Doctor Eclectic

Doctor Eclectic
Doctor Eclectic

Sunday, January 29, 2012

Chalk It Up to Relationships

Being lucky enough to have both sons living within a mile of my house, we have developed a pattern of meeting on weekends for lunch.  One place we often go to has recently remodeled to now have a dozen pool tables, all of them with pockets.  When we were there this last time, with my 13 year-old grandson, I was remembering my experience at a Pool Hall, as they were then named, at about my grandson’s age.

I grew up in Mason City, Iowa, which was the hometown of Meredith Willson, of Music Man fame.  His inspiration for the featured song “Trouble in River City” was the Pleazeall Pool Hall, sometimes called Ramsey’s, after the family who owned it.  My father was a pretty good pool player and he brought me in when I was fifteen to meet the Ramseys.  I never actually asked him what his goal was, but I soon was skirting the city ordinance that disallowed entry until age sixteen (whether it was because of the beer, the girlie magazines, or the marginally socially-acceptable clientele, I never figured out).

And I learned to shoot pretty good pool…and billiards.

Even today I joke about lessons one can learn from shooting pool: colors, patterns, number sequence, geometry, physics, psychology, tolerance, attention to detail, and how to hold your liquor.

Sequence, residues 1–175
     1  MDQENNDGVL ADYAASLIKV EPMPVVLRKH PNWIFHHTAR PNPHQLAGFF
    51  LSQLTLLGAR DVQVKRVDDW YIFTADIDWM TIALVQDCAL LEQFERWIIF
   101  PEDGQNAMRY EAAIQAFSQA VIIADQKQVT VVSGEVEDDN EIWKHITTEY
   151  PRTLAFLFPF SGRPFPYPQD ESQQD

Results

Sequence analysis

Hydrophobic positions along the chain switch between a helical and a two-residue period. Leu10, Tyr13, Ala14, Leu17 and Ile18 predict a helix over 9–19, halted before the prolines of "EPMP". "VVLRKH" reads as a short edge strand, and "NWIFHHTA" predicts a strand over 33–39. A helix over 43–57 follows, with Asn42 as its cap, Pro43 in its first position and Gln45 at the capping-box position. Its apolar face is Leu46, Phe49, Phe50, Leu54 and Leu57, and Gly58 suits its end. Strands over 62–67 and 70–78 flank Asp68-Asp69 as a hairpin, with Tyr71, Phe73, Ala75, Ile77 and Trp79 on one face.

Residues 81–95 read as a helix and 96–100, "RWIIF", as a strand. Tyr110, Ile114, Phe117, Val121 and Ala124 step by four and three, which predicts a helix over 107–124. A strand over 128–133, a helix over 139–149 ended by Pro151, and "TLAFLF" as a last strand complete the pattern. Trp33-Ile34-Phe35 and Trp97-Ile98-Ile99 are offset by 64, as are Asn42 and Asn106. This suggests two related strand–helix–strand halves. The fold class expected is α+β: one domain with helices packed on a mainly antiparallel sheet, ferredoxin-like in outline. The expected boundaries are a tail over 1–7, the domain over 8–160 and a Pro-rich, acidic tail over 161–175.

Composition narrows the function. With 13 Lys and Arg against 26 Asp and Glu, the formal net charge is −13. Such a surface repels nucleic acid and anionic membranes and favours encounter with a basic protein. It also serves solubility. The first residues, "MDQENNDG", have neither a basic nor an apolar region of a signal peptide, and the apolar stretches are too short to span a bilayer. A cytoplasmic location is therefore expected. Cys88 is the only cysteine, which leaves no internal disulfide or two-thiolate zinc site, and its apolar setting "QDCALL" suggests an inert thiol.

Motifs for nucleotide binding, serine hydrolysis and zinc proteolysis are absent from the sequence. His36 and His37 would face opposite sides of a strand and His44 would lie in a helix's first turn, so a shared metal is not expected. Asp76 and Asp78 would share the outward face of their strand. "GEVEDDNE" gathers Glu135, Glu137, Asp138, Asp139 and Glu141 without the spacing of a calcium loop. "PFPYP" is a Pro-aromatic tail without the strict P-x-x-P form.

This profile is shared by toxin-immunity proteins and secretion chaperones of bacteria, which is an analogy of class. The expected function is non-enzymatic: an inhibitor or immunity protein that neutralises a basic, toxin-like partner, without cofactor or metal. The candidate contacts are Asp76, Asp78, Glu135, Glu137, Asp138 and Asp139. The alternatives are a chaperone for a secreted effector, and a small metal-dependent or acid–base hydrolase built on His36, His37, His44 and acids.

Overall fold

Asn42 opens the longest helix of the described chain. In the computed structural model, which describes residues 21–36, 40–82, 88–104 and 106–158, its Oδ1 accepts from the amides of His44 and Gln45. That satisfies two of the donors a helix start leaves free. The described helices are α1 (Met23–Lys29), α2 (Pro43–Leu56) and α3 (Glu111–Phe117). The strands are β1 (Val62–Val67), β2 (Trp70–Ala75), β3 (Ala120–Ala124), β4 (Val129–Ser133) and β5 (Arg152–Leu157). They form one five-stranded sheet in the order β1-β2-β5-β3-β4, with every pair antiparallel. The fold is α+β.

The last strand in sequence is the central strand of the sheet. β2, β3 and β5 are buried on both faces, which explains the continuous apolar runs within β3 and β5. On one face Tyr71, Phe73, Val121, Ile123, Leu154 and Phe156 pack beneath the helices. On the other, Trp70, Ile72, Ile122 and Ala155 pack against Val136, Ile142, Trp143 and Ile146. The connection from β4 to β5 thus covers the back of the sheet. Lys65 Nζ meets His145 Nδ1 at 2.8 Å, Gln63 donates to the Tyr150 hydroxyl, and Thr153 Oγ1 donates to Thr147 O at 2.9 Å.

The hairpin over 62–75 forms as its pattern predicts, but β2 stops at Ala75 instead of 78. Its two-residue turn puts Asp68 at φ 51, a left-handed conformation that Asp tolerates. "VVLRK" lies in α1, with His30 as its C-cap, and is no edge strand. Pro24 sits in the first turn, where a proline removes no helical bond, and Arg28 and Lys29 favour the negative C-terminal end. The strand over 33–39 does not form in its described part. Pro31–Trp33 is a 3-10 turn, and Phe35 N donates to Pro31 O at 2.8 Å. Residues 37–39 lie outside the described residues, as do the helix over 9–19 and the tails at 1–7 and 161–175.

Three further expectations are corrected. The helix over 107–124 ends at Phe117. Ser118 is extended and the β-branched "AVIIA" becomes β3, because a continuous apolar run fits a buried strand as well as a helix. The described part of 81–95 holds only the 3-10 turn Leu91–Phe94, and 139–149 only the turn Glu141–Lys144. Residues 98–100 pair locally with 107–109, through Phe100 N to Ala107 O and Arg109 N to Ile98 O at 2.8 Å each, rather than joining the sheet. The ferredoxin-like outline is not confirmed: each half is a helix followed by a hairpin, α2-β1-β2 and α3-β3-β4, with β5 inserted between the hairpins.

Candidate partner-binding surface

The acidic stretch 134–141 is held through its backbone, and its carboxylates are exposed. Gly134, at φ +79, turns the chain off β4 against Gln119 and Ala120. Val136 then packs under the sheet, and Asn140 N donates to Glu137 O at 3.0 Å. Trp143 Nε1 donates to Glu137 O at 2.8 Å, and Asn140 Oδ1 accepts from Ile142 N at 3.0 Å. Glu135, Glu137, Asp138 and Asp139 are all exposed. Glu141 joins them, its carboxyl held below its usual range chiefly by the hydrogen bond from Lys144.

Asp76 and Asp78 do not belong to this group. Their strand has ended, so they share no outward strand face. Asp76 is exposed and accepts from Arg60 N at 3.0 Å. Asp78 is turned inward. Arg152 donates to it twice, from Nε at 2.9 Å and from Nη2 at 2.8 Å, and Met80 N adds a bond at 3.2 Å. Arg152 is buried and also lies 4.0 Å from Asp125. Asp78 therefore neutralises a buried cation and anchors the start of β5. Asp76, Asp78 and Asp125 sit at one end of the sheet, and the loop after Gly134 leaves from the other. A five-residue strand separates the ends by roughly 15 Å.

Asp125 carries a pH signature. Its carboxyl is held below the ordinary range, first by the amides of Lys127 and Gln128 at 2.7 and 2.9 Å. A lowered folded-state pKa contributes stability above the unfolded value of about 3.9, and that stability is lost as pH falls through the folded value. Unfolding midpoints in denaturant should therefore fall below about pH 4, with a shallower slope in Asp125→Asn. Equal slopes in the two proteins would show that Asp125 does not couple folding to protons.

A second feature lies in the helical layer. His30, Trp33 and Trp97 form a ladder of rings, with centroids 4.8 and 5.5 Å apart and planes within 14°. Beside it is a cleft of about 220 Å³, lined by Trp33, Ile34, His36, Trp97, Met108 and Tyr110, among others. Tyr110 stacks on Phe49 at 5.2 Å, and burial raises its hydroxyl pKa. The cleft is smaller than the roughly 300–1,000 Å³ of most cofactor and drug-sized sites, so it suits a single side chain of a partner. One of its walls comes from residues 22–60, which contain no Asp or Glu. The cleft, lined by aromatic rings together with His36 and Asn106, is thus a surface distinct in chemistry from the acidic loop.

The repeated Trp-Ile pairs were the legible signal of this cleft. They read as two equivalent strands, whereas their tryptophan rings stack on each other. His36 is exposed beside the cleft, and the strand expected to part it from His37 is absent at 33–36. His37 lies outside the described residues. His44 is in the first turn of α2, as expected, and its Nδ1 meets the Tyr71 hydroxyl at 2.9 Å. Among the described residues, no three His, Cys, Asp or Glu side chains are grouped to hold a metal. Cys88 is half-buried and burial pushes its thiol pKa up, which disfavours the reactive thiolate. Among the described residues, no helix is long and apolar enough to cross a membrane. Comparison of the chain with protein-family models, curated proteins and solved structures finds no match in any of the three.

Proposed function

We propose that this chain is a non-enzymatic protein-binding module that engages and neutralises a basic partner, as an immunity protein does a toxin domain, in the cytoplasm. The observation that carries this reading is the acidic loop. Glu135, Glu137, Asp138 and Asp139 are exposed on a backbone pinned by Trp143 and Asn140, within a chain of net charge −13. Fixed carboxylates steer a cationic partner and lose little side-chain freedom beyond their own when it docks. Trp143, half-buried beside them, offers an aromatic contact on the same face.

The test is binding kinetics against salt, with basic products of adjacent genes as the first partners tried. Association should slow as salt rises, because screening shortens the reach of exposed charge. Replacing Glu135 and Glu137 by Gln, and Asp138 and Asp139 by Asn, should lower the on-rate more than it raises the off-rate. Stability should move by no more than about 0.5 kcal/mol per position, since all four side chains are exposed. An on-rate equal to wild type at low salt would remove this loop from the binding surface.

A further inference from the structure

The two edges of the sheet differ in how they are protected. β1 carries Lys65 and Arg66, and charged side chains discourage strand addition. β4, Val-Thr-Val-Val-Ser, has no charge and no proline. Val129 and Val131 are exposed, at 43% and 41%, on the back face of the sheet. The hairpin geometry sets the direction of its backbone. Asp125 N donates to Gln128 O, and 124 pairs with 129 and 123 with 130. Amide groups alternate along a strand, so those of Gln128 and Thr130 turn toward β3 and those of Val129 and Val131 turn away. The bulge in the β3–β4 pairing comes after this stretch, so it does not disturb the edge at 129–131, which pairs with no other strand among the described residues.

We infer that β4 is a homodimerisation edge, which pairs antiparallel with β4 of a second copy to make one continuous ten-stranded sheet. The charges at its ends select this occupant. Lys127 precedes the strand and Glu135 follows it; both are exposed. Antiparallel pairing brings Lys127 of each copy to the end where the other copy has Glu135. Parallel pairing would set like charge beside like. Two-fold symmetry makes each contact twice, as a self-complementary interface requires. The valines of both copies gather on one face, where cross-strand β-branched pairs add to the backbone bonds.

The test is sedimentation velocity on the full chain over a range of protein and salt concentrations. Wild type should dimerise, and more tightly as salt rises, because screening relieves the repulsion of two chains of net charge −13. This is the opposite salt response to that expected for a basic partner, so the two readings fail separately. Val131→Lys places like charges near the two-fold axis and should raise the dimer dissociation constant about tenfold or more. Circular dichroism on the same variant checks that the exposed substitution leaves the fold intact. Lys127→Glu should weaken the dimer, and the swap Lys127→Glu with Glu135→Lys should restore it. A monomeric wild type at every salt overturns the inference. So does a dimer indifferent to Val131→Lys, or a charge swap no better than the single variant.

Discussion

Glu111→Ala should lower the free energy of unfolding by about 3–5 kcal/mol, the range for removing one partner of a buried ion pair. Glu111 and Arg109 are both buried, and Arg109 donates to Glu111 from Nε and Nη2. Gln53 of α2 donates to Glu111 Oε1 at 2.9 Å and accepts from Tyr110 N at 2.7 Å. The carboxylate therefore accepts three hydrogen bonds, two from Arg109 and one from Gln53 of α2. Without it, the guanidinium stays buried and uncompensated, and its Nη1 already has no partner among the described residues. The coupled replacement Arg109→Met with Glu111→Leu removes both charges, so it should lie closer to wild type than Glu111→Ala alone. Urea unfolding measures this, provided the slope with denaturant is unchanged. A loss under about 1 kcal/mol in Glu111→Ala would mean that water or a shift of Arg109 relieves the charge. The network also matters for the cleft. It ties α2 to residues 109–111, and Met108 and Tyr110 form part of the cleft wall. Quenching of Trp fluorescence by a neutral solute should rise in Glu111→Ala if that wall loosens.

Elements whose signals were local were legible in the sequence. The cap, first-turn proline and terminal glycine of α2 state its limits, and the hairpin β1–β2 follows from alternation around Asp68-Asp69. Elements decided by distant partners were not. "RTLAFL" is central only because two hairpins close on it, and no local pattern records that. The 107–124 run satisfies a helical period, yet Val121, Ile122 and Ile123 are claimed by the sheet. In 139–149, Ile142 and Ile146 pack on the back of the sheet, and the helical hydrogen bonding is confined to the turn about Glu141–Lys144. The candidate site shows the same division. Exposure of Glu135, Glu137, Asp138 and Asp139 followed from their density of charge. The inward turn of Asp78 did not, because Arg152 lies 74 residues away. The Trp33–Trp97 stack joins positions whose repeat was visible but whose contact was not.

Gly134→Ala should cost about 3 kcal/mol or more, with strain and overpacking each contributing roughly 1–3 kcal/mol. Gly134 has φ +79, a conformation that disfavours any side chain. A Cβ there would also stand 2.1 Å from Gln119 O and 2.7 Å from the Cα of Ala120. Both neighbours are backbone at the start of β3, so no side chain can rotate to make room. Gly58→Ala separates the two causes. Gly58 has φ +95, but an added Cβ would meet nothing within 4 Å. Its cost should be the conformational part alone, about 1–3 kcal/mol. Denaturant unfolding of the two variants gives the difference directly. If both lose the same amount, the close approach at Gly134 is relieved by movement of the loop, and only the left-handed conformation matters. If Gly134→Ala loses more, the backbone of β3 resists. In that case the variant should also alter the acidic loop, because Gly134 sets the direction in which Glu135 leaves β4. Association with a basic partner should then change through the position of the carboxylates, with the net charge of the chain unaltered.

Willie Hoppe
I exposed both Tim and Sean to pool at an early age and the summer lodge we visit as a family has a pool table in the basement.  My grandchildren do not seem as interested: too many electronic distractions in their lives.  When I was growing up I knew the legends: Willie Hoppe, Minnesota Fats (both fictional and real), Willie Mosconi, and Paul Newman, hero of The Hustler.  Today, although you can see pool played on television, it is nine-ball, rather than the classic 14-1 straight ball, and you never see classic billiards or “snooker”, both considered the dividing line between amateurs and serious pool players by the crowd from Mason City.

Sean and Tim gave me a custom pool stick about twenty years ago, which I still keep in my car, carry to lunch at Big Shots, and pack in my golf case when we go to the Lodge. It is too delicate to use while breaking, but serves me well in the heat of the game.  I hold my own with both my sons, or at least they let me believe I do, and there are more mutual “Good shots!” than “Oopses”.  And we congenially break for food.

Willie Mosconi and "Cowboy Jimmy " Moore
Of course there are negatives to considering shooting pool as a sport.  Tables are indoors for starters. And the exercise quotient is limited to stretching over the table for a long shot.  In California we don’t have to worry about smoke, primary or secondary, unless the kitchen catches fire.  And the fact that at least half the tables last weekend had children under 16 playing at them has improved the language and discouraged the drinking.  The fact that there were so many young people there gives me hope that my grandchildren may find a greater interest as they mature, perhaps remembering it as something their dad and granddad enjoyed.

Part of their Heritage (check out my book "Harnessing a Heritage" at} .

I don’t know about you, but I have had a rash of hang-up calls lately.  Next post I’m going to try to find out why.

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